Maybe I have a “talkable” face but I have many encounters with strangers on a regular basis. I thought I’ll record the more interesting and endearing ones. I recently wrote about the Patrician from the class of 1957. This encounter falls under the endearing category.
Two days ago, I had an early dinner at 115 Bukit Merah View Market and Hawker Centre. I had mee pok dry from this gentleman from Soon Heng Minced Meat Noodles stall.
OK, but this post is not about him – just posted it coz I had a snap. After getting our bowls of noodles, we wanted to sit at the breezier side of the hawker centre (the car park side, on that day). However, most of the tables were not cleared. We found one relatively clean and empty table just next to a porridge stall called Shi Fu A1 Rou Zhou.
Soon after we took our seats, this elderly lady who runs the porridge stall with her sister sat down on the same table in front of a pile of pei dan (century eggs) presumably to peel them in preparation for the dinner crowd. Sharing the same table, I naturally looked towards her, smiled and wished her Xin Nian Kuai Le (happy lunar new year in Mandarin). She beamed, thrilled.
She could only converse in Hokkien. I can’t speak Hokkien. Through my dinner companion who interpreted for me, she readily revealed that she was in her seventies. She started selling porridge in the same location around 1975 when she was in her thirties.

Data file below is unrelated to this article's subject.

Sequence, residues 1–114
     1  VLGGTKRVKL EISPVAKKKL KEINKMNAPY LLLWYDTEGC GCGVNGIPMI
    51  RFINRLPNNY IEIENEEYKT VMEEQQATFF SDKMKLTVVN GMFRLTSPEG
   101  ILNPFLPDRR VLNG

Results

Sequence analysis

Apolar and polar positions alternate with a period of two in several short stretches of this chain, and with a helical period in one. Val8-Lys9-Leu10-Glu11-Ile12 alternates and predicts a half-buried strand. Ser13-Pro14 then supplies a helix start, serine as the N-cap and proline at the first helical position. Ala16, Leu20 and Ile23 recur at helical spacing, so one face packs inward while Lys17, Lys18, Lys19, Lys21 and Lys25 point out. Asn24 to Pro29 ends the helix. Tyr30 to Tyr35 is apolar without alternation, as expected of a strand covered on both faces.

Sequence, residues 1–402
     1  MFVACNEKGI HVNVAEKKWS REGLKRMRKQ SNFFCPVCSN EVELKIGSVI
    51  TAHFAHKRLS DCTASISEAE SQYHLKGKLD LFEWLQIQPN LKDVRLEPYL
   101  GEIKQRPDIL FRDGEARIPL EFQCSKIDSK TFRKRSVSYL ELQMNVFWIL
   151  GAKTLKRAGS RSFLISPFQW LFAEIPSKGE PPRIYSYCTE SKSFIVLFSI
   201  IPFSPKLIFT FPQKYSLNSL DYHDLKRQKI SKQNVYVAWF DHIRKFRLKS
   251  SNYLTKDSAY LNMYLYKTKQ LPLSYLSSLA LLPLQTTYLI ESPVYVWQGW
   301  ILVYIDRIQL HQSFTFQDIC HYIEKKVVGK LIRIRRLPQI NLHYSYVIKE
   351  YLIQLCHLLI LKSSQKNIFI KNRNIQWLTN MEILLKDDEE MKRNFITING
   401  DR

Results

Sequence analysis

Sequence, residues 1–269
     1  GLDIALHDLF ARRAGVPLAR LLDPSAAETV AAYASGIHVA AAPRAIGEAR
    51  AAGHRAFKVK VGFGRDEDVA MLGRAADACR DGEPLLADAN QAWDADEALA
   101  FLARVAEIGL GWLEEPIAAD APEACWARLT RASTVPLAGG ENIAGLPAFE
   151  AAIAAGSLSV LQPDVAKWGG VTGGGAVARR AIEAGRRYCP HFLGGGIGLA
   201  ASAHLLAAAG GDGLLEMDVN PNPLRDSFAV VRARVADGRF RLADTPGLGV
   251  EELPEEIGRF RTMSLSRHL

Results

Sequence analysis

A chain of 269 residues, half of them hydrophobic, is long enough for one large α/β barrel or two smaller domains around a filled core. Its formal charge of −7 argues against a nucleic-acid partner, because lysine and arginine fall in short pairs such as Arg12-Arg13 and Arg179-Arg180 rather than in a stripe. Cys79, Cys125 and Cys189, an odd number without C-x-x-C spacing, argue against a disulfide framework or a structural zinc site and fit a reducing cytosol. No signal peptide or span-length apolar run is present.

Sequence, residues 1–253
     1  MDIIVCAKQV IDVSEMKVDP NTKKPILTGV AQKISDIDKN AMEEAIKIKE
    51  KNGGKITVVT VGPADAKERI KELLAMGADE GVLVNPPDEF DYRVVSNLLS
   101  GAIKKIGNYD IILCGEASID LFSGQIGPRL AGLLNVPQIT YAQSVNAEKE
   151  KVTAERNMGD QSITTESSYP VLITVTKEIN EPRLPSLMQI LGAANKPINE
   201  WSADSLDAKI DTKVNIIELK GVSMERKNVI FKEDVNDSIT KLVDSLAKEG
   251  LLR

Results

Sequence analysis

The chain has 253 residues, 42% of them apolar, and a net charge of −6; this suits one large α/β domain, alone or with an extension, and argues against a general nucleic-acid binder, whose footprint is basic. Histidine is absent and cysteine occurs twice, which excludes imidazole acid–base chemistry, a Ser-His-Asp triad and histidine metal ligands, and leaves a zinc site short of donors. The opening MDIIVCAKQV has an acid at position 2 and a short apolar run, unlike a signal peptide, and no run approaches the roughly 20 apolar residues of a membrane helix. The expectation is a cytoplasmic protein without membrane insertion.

Perhaps it was a simple smile or perhaps it was an Indian guy wishing her happy lunar new year in Mandarin (or a combination) that made her so happy. She claimed (unsubstantiated, I must add) that I am a “good person” because most people “ignore the elderly.” She said it’s the way I took the initiative to acknowledge her and the way I smiled at her. I was a bit pai seh when she added again that I’m a “good person”.
She was animated, smily and jovial throughout the conversation. She happily posed for a picture with me. So sweet. She wished us Jing Bu (progress) many times.
This is the funny bit. As we continued eating, she told my companion in Hokkien, “Don’t mind me, I’m an old person so it should be ok for me to say this. He is very good-looking.” She then again repeated that I’m a kind and good person.
I’d by lying if I didn’t say that it made me feel good. I wish I could speak Hokkien. We could have had a longer conversation. Maybe I should learn some conversational Mandarin this year. See how.
We promised to come back to eat.
Bottom line is that we made each other’s evenings. Lesson learned – look at people and smile. It’s almost always a win-win.
What a lovely evening. I’m still smiling as I write this.